I am proud to say I am now part of XVI Collective, a diverse group of artists committed to peer support and opening new opportunities up around the world.
My current work is concerned with the psychogeography of cities, exploring the idea of the sacred and mystical in the modern world, and specifically urban environments. It seems to me that something that is shaped by the will of so many human minds over hundreds of years must have a higher significance.
So, I have started to pay attention to unacknowledged but familiar sights that exist in cities, derelict buildings, wasteground, markings on the pavement to show where road works will happen, obsolete configurations of pipe work. The work I am developing tries to read meaning into these things and spaces, the markings become the trace of ritual magic performed the night before, the derelict buildings become the spaces that cults gather, wasteground reforms into scared stone circles, pipework secret signs to summon daemons.
Some initial explorations of these ideas that focus on street furniture and signs. These objects are repeatable and so mundane that they are hardly perceived by the habitual city-dweller, but they instruct and dictate our movements, guiding us through the maze of the city, enforcing an underlying set of rules.
Based in my home town of Norwich, I graduated with a BA (hons) in Visual Studies in 2004 from the Norwich Universtity College of the Arts. I am currently working as an freelance educator for various institutions including the Sainsbury's Centre for Visual Art and Norwich Art Centre.
"...Jemma Watts' work seems to be the most striking. “Binge” (1, 2- coloured pencil and photocopy) are forceful, rather Baconesque and vividly pornographic images of two naked, visibly intoxicated women in the centre of a town at night. Their obvious sexualisation is amplified by the use of deep red to emphasise their mouths, shoes and nipples. This orgy of colour is contrasted with the stark greyness of the city landscape; the bleakness of which is representing the emptiness of their lives. “House” (1, 3- etching) gives us images of female entrapment within the intricate outlines of a building. Finally in “Domesticity” project (cliché verre), in what seems to be at first glance an assembly of playful pictures, we encounter sexual violence; this time channelled by a naked woman being assaulted by everyday kitchen objects. Jemma Watts’ pieces speak very loudly about femininity which is constrained and deformed by the contemporary culture..."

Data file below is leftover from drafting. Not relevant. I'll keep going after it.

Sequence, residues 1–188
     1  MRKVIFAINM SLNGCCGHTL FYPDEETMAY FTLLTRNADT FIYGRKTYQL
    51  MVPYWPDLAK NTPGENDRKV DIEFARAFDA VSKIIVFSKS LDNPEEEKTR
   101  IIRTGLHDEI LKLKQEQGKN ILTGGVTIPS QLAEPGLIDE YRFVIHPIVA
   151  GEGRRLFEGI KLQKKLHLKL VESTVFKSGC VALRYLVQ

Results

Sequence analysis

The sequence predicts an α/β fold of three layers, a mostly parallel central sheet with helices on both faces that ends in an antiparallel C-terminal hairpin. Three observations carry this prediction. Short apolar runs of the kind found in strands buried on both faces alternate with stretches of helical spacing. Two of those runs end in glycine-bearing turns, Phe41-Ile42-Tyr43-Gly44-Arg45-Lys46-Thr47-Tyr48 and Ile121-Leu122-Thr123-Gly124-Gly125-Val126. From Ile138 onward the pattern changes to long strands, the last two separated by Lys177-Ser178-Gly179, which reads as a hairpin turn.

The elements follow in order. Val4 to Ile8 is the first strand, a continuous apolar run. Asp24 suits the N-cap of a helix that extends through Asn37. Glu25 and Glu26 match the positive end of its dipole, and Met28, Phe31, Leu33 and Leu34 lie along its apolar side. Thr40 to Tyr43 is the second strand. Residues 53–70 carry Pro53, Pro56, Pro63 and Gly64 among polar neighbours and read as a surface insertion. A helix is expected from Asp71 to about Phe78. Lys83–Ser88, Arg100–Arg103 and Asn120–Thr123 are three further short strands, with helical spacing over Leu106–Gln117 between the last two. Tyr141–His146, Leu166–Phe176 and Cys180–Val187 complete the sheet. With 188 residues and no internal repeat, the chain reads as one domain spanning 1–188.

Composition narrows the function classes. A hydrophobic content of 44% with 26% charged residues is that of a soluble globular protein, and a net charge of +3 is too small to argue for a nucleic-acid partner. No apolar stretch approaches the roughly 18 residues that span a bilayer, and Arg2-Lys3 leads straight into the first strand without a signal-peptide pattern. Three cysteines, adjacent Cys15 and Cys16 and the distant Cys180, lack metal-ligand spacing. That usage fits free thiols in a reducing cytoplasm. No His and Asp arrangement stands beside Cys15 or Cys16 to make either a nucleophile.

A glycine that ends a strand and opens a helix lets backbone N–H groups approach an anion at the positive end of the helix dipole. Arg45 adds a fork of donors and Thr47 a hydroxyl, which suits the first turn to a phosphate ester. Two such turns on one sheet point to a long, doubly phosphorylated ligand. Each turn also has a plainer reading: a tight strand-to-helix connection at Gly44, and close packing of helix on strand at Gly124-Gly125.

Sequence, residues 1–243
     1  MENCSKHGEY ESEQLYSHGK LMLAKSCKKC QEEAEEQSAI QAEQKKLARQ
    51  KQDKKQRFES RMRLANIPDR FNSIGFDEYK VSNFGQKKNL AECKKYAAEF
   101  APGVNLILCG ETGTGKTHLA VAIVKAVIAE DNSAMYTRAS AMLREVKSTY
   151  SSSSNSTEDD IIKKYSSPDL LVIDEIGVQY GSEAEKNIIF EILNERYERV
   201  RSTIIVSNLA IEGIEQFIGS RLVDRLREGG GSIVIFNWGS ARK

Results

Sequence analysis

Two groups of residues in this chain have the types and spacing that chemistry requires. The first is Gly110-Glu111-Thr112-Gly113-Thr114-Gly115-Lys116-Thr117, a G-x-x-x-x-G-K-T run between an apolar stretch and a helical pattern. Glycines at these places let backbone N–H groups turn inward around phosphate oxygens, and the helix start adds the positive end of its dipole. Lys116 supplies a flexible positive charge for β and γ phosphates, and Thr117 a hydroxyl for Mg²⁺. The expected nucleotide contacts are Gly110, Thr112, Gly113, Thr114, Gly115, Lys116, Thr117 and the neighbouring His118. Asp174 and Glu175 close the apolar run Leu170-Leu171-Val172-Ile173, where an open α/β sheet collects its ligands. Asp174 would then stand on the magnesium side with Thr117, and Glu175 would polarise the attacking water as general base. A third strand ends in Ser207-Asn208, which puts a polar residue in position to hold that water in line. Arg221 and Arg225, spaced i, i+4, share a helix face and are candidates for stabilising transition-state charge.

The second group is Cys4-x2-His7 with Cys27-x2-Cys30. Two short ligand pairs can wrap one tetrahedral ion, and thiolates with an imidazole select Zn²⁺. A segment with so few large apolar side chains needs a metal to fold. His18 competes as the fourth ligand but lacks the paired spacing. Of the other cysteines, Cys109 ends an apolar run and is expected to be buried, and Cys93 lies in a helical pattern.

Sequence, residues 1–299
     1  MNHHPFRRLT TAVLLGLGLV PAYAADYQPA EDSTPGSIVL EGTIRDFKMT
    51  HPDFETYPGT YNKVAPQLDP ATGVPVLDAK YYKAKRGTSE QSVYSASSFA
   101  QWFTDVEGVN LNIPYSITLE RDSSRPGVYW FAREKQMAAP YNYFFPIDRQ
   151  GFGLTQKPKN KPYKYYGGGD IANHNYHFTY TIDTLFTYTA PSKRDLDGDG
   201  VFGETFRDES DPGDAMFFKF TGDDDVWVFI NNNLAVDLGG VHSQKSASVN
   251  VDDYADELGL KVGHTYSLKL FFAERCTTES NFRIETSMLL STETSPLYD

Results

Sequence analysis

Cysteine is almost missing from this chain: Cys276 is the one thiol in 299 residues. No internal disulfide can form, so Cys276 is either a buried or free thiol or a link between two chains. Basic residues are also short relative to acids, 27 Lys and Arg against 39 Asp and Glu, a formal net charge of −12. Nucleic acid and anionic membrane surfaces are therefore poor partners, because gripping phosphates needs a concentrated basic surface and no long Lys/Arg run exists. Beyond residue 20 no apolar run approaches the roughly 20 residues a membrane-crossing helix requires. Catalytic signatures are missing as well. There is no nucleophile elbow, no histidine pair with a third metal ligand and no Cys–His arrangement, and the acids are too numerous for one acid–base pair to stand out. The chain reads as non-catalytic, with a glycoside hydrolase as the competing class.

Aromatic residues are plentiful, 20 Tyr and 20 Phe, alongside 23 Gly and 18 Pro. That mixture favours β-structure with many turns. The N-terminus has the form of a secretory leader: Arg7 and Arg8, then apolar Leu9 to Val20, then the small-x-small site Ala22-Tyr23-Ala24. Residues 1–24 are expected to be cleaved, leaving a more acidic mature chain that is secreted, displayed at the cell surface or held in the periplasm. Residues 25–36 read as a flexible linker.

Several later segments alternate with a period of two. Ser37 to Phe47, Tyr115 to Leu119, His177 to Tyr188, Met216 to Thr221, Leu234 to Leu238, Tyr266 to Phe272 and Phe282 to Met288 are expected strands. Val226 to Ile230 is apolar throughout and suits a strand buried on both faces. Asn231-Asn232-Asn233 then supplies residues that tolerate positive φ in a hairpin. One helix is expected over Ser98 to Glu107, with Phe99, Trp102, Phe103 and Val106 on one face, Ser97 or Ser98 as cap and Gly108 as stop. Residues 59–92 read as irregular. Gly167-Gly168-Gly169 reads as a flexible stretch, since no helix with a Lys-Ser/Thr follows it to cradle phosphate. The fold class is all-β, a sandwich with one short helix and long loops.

"...My favourite of them all was probably Jemma Watts, I absolutely loved the many different facets of her techniques with her subjects, Binge 1 and 6 (unfortunately not for sale or perhaps it is fortunate because you wouldn't know where to put this in your house, a museum would be better) are made of a mix of photocopy and coloured pencil representing women -or are they just plain monsters you could see on the side of hell of a jugdement scene made by the ancient masters like Bosch? The contrast between the blur of the photocopied background and the precision of the pencil' texture is fantastic..."